Taurine could be an inexpensive “elixir of life” by boosting lifespan by up to 10 percent, according to new results in animal models. The amino acid is typically found in meat and fish and declines with age, but keeping it topped up in our bodies cold have a life-extending impact if the results translate to humans.
It’s very in vogue to create anti-aging drugs and treatments, with options ranging from genetic therapies to the blood of the youth (that one is super weird and only for rich Silicon Valley people). Early experiments have seen varying levels of success at extending the lifespan of aging animal models, but whether they actually work in humans is yet to be seen.
Towards the pursuit of a longer life, scientists looked towards the semi-essential nutrient taurine. Taurine is an amino acid (a building block of proteins) that is synthesized naturally in the human body but often needs to come from our diet too, particularly when we’re very young or much older. To be quite honest, scientists don’t really know what it does – all they know is that it’s important.
Previous research suggests that taurine deficiency drives aging, and in animals that produce very little taurine naturally, a lack of it promotes a number of health defects. When humans have been given taurine supplements in small trials, it appeared to help metabolic and inflammatory diseases, suggesting it could have health benefits.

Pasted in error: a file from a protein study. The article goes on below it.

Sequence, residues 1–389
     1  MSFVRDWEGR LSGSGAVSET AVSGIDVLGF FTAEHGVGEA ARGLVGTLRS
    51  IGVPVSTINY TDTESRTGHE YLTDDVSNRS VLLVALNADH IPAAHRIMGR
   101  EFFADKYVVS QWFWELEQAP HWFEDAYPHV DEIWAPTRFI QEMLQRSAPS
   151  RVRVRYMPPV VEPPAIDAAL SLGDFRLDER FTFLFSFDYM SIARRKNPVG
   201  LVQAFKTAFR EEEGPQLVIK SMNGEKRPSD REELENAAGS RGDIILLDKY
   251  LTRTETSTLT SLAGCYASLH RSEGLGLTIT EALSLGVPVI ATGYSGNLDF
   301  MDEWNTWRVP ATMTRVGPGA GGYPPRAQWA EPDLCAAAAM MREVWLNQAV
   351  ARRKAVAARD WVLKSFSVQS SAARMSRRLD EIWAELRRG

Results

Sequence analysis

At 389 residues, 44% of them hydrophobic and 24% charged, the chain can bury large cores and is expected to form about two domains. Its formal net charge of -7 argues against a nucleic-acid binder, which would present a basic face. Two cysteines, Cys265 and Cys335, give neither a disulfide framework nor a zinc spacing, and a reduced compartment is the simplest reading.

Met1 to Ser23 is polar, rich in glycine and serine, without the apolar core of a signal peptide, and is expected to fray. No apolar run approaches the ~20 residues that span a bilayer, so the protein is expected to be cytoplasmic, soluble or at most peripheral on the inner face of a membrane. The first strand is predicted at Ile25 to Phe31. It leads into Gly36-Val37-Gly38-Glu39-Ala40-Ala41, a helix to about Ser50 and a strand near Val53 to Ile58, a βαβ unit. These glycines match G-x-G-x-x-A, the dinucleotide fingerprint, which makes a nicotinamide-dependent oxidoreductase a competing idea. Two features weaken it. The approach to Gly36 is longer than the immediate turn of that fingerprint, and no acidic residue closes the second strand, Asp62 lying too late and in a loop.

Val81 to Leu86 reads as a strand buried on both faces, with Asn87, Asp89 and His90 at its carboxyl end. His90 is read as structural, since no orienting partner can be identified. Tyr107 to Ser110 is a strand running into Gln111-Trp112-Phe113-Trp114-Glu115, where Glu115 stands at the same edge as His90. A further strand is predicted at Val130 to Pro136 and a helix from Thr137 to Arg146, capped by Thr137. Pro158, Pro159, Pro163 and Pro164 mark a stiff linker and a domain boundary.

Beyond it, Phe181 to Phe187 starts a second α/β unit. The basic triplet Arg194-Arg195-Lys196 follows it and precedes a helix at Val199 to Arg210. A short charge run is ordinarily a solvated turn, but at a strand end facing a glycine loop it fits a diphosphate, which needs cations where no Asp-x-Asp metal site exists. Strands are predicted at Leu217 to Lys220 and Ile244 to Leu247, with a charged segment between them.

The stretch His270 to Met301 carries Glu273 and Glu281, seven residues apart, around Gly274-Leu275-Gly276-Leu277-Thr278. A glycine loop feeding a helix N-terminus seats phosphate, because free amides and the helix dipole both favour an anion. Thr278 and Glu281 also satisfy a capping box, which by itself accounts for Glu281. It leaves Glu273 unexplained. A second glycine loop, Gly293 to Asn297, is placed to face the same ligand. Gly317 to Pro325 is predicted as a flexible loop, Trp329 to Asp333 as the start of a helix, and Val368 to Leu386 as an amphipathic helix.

The most recent piece of research took a set of 14-month-old mice (equivalent to age 45 in humans) and gave them a dose of taurine every day, before comparing their lifespan to a control group of mice. On average, the taurine mice had an increased lifespan of between 10-12 percent, results that were confirmed in nematode worms too. While these models are certainly not human, they are standard model organisms and allow scientists to test drugs at a far accelerated rate.
The mice also demonstrated some memory and health benefits when they took taurine, suggesting it could improve quality of life as well as lifespan.
"Whatever we checked, taurine-supplemented mice were healthier and appeared younger," said Dr Vijay Yadav, co-author of the paper, in a statement reported by the BBC.
"They were leaner, had an increased energy expenditure, increased bone density, improved memory and a younger-looking immune system."
When the team looked at 12,000 humans, they found that people with more taurine typically had better overall health, though this is only observational and no causation has been found just yet.
Unfortunately for vegetarians and vegans, this is one amino acid that essentially only comes from meat. Luckily, it’s also really easy to get as a supplement, but there’s not enough data to run about and buy up bundles of taurine. Clinical trials need to be run and, ideally, scientists need to actually understand how taurine helps, if at all.
Still, it’s probably better than transfusing the blood of younger people into your veins. Just a thought.
The study is published in the journal Science.